The Moose observes that the right is very flexible when it comes to the rule of law.
It is striking how indifferent the right has been about the Plame leak. It seems likely that someone in the Administration leaked the name of a covert operative. If it had been in a Democratic Administration, the right would be in a fury. "Rule of law" would be the slogan on the banner that the right would wave as they would take to battle. Charges of treason would be the talking point of the day.
When the Moose traveled in conservative circles in the late '90's he would often argue that impeachment was the product of legal phenomena that conservatives opposed on principle - the independent prosecutor statute and frivolous litigation. In essence, the right was pursuing impeachment by any means necessary - even by means they once opposed on principle.
The response by the right was that they were upholding the "rule of law". "Perjury" was perjury - even it was obtained by the unprincipled means of entrapment. Principles be damned - they were "defending" the constitution.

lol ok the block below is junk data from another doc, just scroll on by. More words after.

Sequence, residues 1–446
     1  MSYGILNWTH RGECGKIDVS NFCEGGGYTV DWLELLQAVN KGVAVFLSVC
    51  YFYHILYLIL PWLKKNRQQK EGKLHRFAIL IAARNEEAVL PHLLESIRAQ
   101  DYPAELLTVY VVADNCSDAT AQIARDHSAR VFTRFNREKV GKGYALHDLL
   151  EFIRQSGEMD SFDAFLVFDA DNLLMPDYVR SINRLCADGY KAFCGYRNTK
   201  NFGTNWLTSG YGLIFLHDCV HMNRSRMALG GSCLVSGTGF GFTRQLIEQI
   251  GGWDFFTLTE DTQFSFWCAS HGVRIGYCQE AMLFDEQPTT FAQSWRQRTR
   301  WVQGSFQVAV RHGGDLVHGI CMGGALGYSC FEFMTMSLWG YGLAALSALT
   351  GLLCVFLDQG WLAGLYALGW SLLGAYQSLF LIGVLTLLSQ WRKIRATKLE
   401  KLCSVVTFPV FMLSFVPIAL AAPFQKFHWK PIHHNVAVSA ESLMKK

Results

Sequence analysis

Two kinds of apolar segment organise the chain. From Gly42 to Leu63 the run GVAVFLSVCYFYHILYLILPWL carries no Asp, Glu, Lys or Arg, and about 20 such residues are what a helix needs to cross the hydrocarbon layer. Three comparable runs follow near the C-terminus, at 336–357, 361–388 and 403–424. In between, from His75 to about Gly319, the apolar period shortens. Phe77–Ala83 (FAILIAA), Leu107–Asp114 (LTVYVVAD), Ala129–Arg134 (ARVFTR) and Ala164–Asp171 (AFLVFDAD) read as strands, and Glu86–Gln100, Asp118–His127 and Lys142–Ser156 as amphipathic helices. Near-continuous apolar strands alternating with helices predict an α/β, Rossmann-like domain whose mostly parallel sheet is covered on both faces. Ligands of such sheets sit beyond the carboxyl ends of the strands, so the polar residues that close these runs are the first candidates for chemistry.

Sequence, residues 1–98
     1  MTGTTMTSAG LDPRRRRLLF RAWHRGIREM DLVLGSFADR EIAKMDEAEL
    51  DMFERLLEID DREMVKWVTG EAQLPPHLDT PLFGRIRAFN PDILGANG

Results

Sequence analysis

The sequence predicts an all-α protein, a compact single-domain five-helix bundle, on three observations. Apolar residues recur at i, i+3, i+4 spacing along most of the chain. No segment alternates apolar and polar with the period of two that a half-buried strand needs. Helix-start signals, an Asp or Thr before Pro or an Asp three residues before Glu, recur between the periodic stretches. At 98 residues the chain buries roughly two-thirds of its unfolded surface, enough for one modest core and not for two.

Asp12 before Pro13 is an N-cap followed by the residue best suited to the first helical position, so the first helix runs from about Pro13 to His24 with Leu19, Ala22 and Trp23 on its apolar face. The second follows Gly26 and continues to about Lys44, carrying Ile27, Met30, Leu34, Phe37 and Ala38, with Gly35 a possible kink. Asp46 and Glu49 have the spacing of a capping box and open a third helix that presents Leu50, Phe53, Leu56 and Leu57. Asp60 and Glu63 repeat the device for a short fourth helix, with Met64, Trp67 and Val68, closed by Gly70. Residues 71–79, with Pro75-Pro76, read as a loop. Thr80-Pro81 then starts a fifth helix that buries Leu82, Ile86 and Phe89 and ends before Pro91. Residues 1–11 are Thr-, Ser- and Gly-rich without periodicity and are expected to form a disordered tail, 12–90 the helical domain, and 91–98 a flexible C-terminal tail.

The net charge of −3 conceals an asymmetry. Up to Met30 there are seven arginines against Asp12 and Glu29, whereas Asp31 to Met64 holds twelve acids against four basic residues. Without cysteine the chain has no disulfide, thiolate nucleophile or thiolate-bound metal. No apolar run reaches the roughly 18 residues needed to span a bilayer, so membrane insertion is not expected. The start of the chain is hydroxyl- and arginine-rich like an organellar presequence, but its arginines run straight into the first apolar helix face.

Of course, the right was not terribly concerned about the principles of federalism or opposing judicial activism in Bush v. Gore or in the recent Schiavo situation. The principle of limited government was cast aside long ago for pork barrel incumbent protection and for the benefit of their corporate cronies in the Medicare drug bill. Ultimately, it is all about power.
Conservatives are the new moral relativists. If you don't believe the Moose, just ask Ralph Reed, Jack Abramoff, Grover Norquist, Tom DeLay, and yes, Karl Rove. They came to power in '94 promising to tame the power of government - now they are enamored by it.
Conservatives have made the ultimate faustian bargain. Can conservatism survive conservatives? Perhaps, the solution is to create a new organization - Conservatives Anonymous.
Hello, I'm the Moose and I'm a recovering conservative! --